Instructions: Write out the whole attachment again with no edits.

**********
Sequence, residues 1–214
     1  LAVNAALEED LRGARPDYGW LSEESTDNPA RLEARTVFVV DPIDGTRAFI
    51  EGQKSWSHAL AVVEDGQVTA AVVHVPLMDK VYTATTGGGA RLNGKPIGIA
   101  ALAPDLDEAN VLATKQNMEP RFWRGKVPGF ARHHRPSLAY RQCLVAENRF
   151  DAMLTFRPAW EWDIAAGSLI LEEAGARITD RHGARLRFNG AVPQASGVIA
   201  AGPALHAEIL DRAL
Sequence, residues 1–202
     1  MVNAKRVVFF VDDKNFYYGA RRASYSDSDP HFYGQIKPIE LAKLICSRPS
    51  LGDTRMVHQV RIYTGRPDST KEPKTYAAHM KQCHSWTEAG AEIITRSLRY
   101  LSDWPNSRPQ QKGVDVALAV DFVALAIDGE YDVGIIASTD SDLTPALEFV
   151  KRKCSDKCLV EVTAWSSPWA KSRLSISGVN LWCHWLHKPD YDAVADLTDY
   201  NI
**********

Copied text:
Sequence, residues 1–214
     1  LAVNAALEED LRGARPDYGW LSEESTDNPA RLEARTVFVV DPIDGTRAFI
    51  EGQKSWSHAL AVVEDGQVTA AVVHVPLMDK VYTATTGGGA RLNGKPIGIA
   101  ALAPDLDEAN VLATKQNMEP RFWRGKVPGF ARHHRPSLAY RQCLVAENRF
   151  DAMLTFRPAW EWDIAAGSLI LEEAGARITD RHGARLRFNG AVPQASGVIA
   201  AGPALHAEIL DRAL
Sequence, residues 1–202
     1  MVNAKRVVFF VDDKNFYYGA RRASYSDSDP HFYGQIKPIE LAKLICSRPS
    51  LGDTRMVHQV RIYTGRPDST KEPKTYAAHM KQCHSWTEAG AEIITRSLRY
   101  LSDWPNSRPQ QKGVDVALAV DFVALAIDGE YDVGIIASTD SDLTPALEFV
   151  KRKCSDKCLV EVTAWSSPWA KSRLSISGVN LWCHWLHKPD YDAVADLTDY
   201  NI